General Writing and Grammar Help/grammar terms


QUESTION: Dear Ted,  

Would you tell me if the following terms are correct?

past passive infinitive
past active  infinitive
present passive infinitive
present active infinitive

Or, should I say:

passive past infinitive
active past infinitive
passive present infinitive
active present infinitive

Or, can either way be correct?

I keep getting these terms very mixed up.  Sometimes I say them one way and sometimes the other way.  This is making these terms that much harder for me to understand and keep straight in my head.  I very much appreciate your help.



ANSWER: Dear Rich:

I found a brief summary of all the uses [and labels] of infinitives.  See if this one answers your question:

Rich, some people call the "progressive form" the "continuous form."  They are two different descriptions of the same thing.


---------- FOLLOW-UP ----------


Thank you.

Unless, I somehow overlooked it (which for me is quite possible) there was nothing in this site about how to correctly apply the labels:   past passive, past active, present passive, and present active  to infinitives.  

I am trying to find out which word to say first past/present or active/passive.

For example:  should I say "past passive infinitive"  or  "passive past infinitive"?

Once again,  thank you for your efforts to help me.



Dear Rich:

No, you haven't overlooked anything.  The site I sent you lists all the possible forms of infinitives.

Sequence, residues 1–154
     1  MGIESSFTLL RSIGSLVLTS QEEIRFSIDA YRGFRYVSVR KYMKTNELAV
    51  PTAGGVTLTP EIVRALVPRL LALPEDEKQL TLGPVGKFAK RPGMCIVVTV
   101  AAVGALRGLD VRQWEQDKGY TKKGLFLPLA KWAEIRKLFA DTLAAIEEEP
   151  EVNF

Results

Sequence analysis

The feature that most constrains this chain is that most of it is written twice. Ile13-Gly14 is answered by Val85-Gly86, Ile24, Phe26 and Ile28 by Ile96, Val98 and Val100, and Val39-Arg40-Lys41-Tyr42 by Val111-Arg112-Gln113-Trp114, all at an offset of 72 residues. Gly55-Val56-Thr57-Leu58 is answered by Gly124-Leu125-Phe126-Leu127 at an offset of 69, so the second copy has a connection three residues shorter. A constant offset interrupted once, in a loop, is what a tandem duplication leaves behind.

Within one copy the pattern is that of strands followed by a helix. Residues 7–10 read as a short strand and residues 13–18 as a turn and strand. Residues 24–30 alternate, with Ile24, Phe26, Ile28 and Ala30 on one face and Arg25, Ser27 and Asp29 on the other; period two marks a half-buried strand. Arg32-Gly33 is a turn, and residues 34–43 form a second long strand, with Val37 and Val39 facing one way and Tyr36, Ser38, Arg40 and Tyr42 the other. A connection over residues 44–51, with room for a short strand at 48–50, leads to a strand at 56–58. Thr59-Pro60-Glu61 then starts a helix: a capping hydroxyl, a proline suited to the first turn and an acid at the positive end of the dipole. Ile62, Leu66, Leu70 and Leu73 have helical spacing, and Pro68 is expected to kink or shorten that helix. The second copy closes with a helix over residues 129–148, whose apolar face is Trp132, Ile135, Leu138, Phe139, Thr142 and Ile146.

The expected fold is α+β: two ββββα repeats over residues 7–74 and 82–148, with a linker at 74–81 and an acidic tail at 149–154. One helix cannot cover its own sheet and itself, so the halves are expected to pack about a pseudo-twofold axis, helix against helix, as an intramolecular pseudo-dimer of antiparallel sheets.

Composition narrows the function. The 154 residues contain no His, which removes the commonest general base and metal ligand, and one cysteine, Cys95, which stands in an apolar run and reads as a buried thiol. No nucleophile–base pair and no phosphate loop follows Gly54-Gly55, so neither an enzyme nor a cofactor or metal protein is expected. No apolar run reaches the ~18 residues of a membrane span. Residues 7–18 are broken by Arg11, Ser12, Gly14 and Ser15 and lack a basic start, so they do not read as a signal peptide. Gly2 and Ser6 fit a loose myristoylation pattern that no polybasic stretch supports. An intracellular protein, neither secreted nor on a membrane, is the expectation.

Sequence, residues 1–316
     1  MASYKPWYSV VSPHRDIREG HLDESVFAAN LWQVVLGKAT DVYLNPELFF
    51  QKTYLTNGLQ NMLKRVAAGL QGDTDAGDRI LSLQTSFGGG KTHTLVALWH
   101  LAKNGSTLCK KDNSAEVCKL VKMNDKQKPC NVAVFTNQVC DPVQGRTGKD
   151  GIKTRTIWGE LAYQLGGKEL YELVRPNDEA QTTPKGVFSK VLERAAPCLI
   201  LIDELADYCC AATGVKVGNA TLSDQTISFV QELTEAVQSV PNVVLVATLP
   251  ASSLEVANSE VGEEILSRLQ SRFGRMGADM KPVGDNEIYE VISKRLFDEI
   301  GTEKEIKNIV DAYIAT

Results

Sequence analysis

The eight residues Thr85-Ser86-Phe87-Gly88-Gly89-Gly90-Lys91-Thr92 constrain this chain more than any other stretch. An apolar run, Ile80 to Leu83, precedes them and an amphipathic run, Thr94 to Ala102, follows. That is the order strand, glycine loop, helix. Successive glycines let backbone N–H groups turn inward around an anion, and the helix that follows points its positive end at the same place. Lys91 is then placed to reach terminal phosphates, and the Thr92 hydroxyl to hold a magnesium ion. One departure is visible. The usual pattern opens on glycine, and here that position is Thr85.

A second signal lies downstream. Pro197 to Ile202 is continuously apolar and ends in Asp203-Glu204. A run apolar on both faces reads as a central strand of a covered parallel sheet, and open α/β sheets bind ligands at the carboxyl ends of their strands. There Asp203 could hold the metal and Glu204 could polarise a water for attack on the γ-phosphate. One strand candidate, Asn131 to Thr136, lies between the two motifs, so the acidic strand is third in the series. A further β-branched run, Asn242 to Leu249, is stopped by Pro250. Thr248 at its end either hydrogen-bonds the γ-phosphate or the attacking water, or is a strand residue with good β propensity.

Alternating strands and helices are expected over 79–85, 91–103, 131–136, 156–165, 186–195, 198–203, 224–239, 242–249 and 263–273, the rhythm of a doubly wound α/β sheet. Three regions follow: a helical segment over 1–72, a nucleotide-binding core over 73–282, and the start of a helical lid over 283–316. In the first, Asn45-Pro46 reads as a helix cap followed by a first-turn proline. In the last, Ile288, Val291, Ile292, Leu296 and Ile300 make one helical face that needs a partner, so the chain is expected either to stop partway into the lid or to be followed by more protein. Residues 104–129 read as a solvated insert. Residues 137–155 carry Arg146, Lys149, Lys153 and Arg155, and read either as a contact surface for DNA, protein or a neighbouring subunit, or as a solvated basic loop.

Here's the problem:  You are mixing the proverbial apples and oranges.  Words like "present," "past" and "future" are used in reference to the TENSE of the verbs.  "Passive" and "active" refer to the VOICE of the verbs.  You cannot join the two things in order to come up with a label.

For example:  The ball was hit a long way.  The verb "was hit" is past tense.  It is also in the passive voice, because the person doing the action -- the hitter -- is not mentioned.

In my searching the internet for that chart, I came across some Italian and Spanish sites that I received as a result of using "past passive infinitive."  I didn't peruse those sites, because I knew that they did not apply to the English language.  Perhaps these labels DO appear in other languages, but they do not in the English language.


General Writing and Grammar Help

All Answers

Answers by Expert:

Ask Experts


Ted Nesbitt


I am the bibliographic instruction and reference librarian at a public college. Some members of the English department recommend me to their students. I offer assistance in grammar, punctuation, sentence structure, and paragraph development. My master`s thesis concerns William Faulkner`s tragic novels. I formerly taught advanced placement English at two schools in the Philadelphia area.


I have been one of the highest-ranked volunteers in this category for more than a decade.

B. A. and M. A in English; MSIS in Library & Information Sciences; graduate study in philosophy

©2016 All rights reserved.